My Trip to Martha’s Vineyard

 

I have a credit card that gives airline frequent-flier miles. In July, I received an offer for an all-expenses-paid tour of Cape Cod and Martha’s Vineyard. Neither I nor my wife had ever been there, so we combined it with visiting my mom in New Hampshire. On September 9, we went on a whale-watching cruise from Provincetown. Here are two pictures I took of a Humpback whale called Freckles.


On September 10, we took the ferry to beautiful Martha’s Vineyard. It’s hard for riffraff to get to the island, but somehow Ken Burns and Caroline Kennedy live there. We visited Edgartown, where Kennedy gave his Chappaquiddick speech with the neck brace. It’s a very short boat ride between the two islands. Here are a few pictures from the migrant non-sanctuary.



We were on a 15-person bus touring the island. There were certain public roads we were not allowed to traverse. When you’re a sanctuary island, it’s vital that you keep the public out. Given that many of the houses are only occupied part of the year, they could easily house thousands of illegals. And I’m sure that they’d leave the houses spotless. Why should the border towns of Texas have all the fun?

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  1. BDB Coolidge
    BDB
    @BDB

    Richard Easton: Here are two pictures I took of a Humpback whale called Freckles.

    Racist.

    • #1
  2. Ekosj Member
    Ekosj
    @Ekosj

    “This is a big country. The idea we can’t accommodate more people in the interests of the United States, and by the way… guess what? They’re the reason why – the illegal and as well as undocumented – are the reason why our society is functioning. The reason why our economy is growing.  We don’t talk about that. We stand up and act like it’s a burden, it is not a burden, it is a gift.”  – FJB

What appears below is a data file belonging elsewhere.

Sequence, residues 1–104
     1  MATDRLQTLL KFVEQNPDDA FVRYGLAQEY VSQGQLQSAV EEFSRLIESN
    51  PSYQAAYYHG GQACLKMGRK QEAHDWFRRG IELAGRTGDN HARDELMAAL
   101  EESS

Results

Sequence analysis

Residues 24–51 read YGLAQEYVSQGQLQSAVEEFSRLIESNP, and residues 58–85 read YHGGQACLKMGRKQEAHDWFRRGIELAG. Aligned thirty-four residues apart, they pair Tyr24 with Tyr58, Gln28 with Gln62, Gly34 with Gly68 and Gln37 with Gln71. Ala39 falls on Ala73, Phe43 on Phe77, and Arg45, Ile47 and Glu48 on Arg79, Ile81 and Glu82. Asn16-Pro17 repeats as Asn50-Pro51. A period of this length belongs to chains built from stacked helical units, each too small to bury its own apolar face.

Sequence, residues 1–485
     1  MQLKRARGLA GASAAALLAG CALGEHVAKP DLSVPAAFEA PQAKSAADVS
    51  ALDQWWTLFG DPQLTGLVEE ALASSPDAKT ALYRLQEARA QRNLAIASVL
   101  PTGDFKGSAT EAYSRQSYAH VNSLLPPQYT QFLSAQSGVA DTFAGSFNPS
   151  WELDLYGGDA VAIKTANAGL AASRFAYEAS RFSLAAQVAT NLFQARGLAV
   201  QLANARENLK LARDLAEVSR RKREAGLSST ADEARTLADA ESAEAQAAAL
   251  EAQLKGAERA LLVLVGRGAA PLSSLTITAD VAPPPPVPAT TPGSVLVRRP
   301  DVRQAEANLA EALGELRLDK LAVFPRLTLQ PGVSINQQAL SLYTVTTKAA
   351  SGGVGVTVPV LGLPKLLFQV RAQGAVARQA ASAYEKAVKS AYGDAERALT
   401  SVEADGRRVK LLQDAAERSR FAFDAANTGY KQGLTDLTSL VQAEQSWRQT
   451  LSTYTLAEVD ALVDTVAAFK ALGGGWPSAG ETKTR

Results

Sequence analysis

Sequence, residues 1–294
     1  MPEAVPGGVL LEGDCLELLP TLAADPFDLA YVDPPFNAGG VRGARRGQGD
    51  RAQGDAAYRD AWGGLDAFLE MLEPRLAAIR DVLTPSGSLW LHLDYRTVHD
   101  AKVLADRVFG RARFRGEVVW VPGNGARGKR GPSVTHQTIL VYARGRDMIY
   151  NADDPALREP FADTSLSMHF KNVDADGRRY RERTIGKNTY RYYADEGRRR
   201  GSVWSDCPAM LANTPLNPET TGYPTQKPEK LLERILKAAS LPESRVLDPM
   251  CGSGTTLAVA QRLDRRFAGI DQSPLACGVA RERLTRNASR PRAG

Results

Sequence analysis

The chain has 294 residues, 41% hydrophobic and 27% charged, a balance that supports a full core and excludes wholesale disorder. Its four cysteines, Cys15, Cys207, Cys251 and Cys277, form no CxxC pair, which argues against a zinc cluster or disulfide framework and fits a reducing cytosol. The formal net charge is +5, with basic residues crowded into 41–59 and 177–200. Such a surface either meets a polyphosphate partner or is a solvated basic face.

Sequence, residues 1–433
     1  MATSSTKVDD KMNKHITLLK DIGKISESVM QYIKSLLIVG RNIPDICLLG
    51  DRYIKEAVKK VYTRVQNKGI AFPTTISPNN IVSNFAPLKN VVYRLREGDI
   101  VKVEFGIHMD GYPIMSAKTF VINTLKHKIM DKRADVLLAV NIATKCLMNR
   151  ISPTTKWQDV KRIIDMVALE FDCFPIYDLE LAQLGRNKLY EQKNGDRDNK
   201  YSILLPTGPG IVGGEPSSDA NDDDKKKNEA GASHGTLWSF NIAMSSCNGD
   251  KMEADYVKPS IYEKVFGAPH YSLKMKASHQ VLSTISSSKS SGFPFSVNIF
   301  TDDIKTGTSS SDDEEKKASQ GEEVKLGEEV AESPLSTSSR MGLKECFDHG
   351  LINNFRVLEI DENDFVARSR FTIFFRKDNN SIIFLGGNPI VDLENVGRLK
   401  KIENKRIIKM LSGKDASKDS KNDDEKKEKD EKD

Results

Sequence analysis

How rude of MV to refuse to accept such a precious gift.

    • #2
  3. Misthiocracy has never Member
    Misthiocracy has never
    @Misthiocracy

    Richard Easton: Given that many of the houses are only occupied part of the year, they could easily house thousands of illegals.

    “Yes. This is a better arrangement, comrades. More just.”

    • #3
  4. Old Bathos Moderator
    Old Bathos
    @OldBathos

    In another century when the open border spigot overwhelms even the enclaves of the lovely ones on MV, descendants of the recent 50 people temporarily excluded from MV will be likely harpooning descendants of Freckles.

    • #4
  5. Richard Easton Coolidge
    Richard Easton
    @RichardEaston

    BDB (View Comment):

    Richard Easton: Here are two pictures I took of a Humpback whale called Freckles.

    Racist.

    You comment is by definition true since everything is racist.

    • #5
  6. EODmom Coolidge
    EODmom
    @EODmom

    Old Bathos (View Comment):

    In another century when the open border spigot overwhelms even the enclaves of the lovely ones on MV, descendants of the recent 50 people temporarily excluded from MV will be likely harpooning descendants of Freckles.